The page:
I did not know Joshua Harris and never read any of his books. I only knew his name and had friends who promoted his book I Kissed Dating Goodbye.
Nonetheless, as I have read articles about his apostasy, it seems clear that at a relatively young age he took on a noble cause for sexual purity in the church. He became very successful in this cause, with the above book selling almost a million copies; but herein lies the potential danger.
His story reminded me of how God spoke to my wife, Dr. Susan Hyatt, at the time of the publication of her groundbreaking book, In the Spirit We're Equal. He said to her, "The cause is not the call."
It happened on a weekend in December 1998 while we were ministering at Resurrection Church in Trafford, Pennsylvania, pastored by Bill and Melinda Fish. It was a powerful and lively service, and toward the end, Sue was sitting on the floor with her back leaning against the wall, quietly enjoying God's presence.
Her new book, which challenges the church's traditional views about women, was at the printer. It was an assignment she knew God had given her and a very noble "cause."
But as she sat on the floor in that peaceful atmosphere, she heard the Holy Spirit say, "The cause is not the call!" She intuitively knew that God was telling her that she must never become so absorbed with her assignment as to allow it to take the place of Himself in her life.
She was reminded that our call as Christians is to know Him as Paul declared in Philippians 3:8-10. Jesus Himself said the same thing in his high priestly prayer recorded in John 17. "This is eternal life: that they may know You, the only true God, and Jesus Christ, whom You have sent" (John 17:3).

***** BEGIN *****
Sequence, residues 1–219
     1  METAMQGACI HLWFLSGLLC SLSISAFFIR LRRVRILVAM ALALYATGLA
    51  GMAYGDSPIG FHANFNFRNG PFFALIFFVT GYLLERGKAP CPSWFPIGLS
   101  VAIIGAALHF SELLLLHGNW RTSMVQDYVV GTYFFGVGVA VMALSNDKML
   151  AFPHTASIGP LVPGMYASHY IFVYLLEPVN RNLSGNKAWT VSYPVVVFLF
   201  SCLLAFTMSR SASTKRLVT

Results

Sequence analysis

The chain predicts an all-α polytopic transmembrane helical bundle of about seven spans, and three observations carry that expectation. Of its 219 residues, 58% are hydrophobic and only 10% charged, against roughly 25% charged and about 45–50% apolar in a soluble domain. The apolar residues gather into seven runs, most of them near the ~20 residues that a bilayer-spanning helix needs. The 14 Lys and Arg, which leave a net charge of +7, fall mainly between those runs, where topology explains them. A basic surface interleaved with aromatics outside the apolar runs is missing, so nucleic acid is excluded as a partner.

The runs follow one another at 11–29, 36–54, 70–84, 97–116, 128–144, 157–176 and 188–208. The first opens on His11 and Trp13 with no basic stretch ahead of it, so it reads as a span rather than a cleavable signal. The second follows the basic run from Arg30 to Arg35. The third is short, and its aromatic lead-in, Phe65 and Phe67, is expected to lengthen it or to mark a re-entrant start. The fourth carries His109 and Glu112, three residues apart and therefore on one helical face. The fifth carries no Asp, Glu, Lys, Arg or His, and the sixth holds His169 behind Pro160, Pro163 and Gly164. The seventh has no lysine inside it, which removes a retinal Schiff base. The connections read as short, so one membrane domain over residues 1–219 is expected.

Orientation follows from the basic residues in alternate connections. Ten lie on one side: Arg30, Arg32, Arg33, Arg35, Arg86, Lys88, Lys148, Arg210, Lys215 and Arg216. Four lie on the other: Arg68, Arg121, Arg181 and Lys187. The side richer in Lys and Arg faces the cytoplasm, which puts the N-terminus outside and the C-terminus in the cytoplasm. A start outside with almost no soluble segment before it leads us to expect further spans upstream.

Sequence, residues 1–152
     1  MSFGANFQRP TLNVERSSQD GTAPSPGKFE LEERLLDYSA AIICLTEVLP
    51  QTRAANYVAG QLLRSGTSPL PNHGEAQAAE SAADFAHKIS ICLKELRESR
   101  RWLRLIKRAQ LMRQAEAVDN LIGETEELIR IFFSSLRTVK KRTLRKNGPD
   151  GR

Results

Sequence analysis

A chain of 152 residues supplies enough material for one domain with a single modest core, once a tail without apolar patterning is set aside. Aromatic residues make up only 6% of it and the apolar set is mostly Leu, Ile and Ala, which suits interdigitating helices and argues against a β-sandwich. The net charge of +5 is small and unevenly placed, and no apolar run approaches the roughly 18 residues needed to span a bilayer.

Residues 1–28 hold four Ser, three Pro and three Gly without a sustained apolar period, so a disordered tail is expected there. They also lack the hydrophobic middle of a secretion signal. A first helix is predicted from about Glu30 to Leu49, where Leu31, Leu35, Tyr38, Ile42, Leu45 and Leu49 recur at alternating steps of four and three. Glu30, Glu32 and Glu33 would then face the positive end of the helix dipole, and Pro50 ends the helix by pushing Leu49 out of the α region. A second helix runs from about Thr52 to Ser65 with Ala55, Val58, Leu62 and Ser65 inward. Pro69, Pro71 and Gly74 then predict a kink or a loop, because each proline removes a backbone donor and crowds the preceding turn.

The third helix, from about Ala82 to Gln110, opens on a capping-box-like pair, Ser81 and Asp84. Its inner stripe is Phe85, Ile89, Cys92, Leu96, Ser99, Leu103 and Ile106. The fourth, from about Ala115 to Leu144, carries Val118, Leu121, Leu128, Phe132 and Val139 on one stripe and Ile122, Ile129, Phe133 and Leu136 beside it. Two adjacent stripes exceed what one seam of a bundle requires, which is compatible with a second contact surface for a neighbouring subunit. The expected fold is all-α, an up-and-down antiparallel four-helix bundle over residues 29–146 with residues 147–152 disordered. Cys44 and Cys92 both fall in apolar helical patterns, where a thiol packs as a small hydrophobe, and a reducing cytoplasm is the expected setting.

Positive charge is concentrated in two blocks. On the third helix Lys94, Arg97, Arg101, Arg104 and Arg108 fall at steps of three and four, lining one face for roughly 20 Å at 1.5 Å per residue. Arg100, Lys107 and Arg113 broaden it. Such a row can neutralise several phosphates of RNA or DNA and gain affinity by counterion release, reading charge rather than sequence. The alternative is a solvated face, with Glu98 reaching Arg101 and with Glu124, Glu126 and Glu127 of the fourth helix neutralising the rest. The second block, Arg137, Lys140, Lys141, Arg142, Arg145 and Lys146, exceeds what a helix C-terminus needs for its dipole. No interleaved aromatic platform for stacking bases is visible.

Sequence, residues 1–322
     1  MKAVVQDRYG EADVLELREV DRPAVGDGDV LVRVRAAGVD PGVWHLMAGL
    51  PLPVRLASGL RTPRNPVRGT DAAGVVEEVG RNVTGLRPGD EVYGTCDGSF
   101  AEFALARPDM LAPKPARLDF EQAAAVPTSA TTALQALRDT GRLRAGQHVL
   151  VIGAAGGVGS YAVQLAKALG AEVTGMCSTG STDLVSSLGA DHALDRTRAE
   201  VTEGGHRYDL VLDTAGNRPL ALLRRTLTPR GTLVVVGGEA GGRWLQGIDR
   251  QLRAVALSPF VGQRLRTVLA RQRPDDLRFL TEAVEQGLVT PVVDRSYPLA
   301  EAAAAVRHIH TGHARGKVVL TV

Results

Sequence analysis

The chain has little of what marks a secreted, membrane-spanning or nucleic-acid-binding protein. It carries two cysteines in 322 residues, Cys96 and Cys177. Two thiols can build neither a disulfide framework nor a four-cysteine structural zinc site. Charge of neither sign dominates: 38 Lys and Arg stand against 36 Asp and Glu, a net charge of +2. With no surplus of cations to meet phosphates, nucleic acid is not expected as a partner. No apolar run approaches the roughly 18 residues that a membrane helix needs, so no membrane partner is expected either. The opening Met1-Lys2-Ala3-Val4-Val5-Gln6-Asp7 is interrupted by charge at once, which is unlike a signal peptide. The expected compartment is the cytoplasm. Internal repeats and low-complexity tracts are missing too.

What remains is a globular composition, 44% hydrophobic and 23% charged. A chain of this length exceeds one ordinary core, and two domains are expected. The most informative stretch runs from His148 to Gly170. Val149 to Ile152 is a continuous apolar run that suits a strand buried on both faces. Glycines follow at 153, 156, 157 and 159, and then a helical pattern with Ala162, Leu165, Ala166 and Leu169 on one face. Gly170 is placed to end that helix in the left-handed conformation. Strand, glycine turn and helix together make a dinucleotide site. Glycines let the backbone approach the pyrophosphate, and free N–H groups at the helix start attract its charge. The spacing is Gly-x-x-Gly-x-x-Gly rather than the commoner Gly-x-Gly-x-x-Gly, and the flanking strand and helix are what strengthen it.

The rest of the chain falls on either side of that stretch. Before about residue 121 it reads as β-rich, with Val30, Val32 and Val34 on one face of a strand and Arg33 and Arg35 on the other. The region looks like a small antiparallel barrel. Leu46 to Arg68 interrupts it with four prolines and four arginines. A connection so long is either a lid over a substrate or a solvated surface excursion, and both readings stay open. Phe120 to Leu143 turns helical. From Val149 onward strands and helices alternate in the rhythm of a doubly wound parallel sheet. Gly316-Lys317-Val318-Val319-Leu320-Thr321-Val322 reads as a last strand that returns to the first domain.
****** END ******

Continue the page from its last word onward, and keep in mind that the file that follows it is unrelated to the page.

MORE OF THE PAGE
This same truth is conveyed in the story of God calling Abraham to offer up his son Isaac as a burnt offering. Isaac was a gift from God, but Isaac must never become the primary object of Abraham's love and affection—that place reserved for God alone.
Our Isaacs—those God-given blessings and assignments—must never become idols. A just cause must never become the primary object of our attention and affection. "You shall love the Lord your God with all your heart, and with all your soul, and with all your mind," Jesus said in Matthew 22:37.
Have you made an idol out of your Isaac? Have you fallen into the trap of allowing a God-given assignment to become the central, consuming obsession of your life? Has a noble "cause" replaced God in your life?
It is probably time for all of us to bring our Isaacs to the altar. It is probably time to offer our ministries, our building projects, and our causes back to Him. The beautiful poem by A.B. Simpson entitled "Himself" can be helpful in this regard. The first stanza reads:
Once it was the blessing, now it is the Lord/
Once it was the feeling, now it is His Word/
Once His gifts I wanted, now the Giver own/
Once I sought for healing, now Himself alone.
Is this what happened to Joshua Harris? Did he become so consumed with the cause that he neglected the call to know Christ Himself. Only God knows, but his sad situation should be a reminder to us all that "The cause is not the call."
Dr. Eddie Hyatt is an author, revivalist, Bible teacher and ordained minister. His books on Spiritual awakening, church history and Biblical themes are available from Amazon and his website at eddiehyatt.com.
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